In addition, there is a service pack available for Dragon 12. We strongly recommend downloading and installing this update.

A version of Utter Command that is compatible with this update is scheduled for release next week.]

Dragon Naturallyspeaking maker Nuance is having technical issues with its check for update service.

The bottom line: don’t let Dragon automatically check for updates until this is fixed. The software checks periodically unless the “Check for Product Updates at Startup” feature is turned off. This feature is turned on by default.

Trouble is, if your software checks for updates and runs into this issue, Dragon will then not open, making it difficult to turn off the “Check for Product Updates at Startup” feature.

To protect yourself from this potential problem turn off the “Check for Product Updates at Startup” feature: go to Dragon Options\Tools\Administrative Settings\Miscellaneous and Uncheck “Check for Product Updates at Startup”.

If you’ve already run into this problem and Dragon won’t open, there’s a more elaborate fix posted in the Dragon forum:

It’s fairly obvious from the trouble that Nuance is getting ready to release an update. Once Nuance solves the update issues, you’ll want to download the update. The update is fully compatible with Utter Command.

Check back here periodically – we’ll let you know when you can turn the update service back on.

Heads-up: Dragon Recorder iPhone App

By Kimberly Patch

Nuance has released a free iPhone Recorder application you can use with the “Transcribe Recording” feature of Dragon NaturallySpeaking for the desktop.

Dragon Recorder is a relatively simple recorder with a fairly clean interface that lets you record WAV files and transfer them to your computer via wifi. Once the files are on your computer, you can process them through Dragon’s Transcribe Recording feature, which is designed to transcribe the voice of a person who has trained a profile on Dragon NaturallySpeaking. It does pretty well with a relatively quiet recording of just that person’s voice.

Dragon Recorder gives you some useful, basic abilities:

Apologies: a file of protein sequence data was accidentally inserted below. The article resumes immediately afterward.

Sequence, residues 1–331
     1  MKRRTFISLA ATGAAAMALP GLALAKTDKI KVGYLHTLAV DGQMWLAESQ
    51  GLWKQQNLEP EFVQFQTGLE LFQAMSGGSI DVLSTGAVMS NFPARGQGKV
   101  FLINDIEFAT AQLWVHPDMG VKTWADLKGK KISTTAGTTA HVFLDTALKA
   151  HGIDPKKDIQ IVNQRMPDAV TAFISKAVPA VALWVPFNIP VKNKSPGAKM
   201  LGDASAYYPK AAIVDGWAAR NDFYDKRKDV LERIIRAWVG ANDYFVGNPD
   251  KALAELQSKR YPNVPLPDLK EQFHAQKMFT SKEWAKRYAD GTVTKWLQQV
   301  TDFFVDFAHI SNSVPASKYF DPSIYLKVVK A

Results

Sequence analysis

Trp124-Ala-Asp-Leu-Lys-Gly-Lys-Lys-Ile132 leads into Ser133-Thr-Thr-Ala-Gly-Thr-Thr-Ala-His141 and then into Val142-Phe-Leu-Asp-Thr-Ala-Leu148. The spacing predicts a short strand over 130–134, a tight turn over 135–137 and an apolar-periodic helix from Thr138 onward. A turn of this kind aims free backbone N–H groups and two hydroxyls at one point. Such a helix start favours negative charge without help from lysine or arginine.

• You can pause, then continue recording.
  • You can play back the recording on the iPhone, and you can move the pause/play button to jump to different portions of the recording.
  • You can continue recording at the end of any previous recording. This is a little tricky — drag the play button all the way to the right and the play button will turn into a record button
  • You designate the first portion of the name of your file in settings. The second portion of the name is an automatic date and time stamp.

I can think of a couple of additions I’m hoping to see in updates:

  • The ability to bookmark recordings on-the-fly during recording and playback. I’m picturing several types of bookmarks you can use like hash tags. Bookmarks should also show up in the transcription.
  • Although this is designed to be transcribed automatically, it would also be useful to have slider bars for controlling the speed and pitch of recording on playback so you have a good way to manually transcribe as well.

What do you think? Let me know at Kim at this website address or look me up on Google+. Feel free to + me if you want to be in my Accessibility, Utter Command or Redstart Reports circles.

Getting Gmail working well with speech commands

By Kimberly Patch

If you haven’t used speech commands to control a computer, it might not be obvious that single character commands, for instance “y” to archive a message in Gmail, can present a challenge.

Single-character commands seem like a great idea, especially for Web programs, because your Web browser already takes up some common keyboard shortcuts. Gmail has a lot of single-character commands, and once you get to know them you can fly along using the keyboard. In general I’m all for more keyboard shortcuts because it’s easy to enable them using speech.

Command conundrum

Single-character commands that can’t be changed, however, can get speech users in a lot of trouble. Say a command or make a noise that’s misheard as text in a program that doesn’t use single-character shortcuts and either nothing happens or you get some stray text you can easily undo. Do the same thing in a single-character-command program and you can cause many actions to happen at once.

A stray “Kelly” in your Gmail inbox, for instance, will move the cursor up one message (single-character command “k”) and archive it (single-character command “y”). “Bruno” causes even more damage.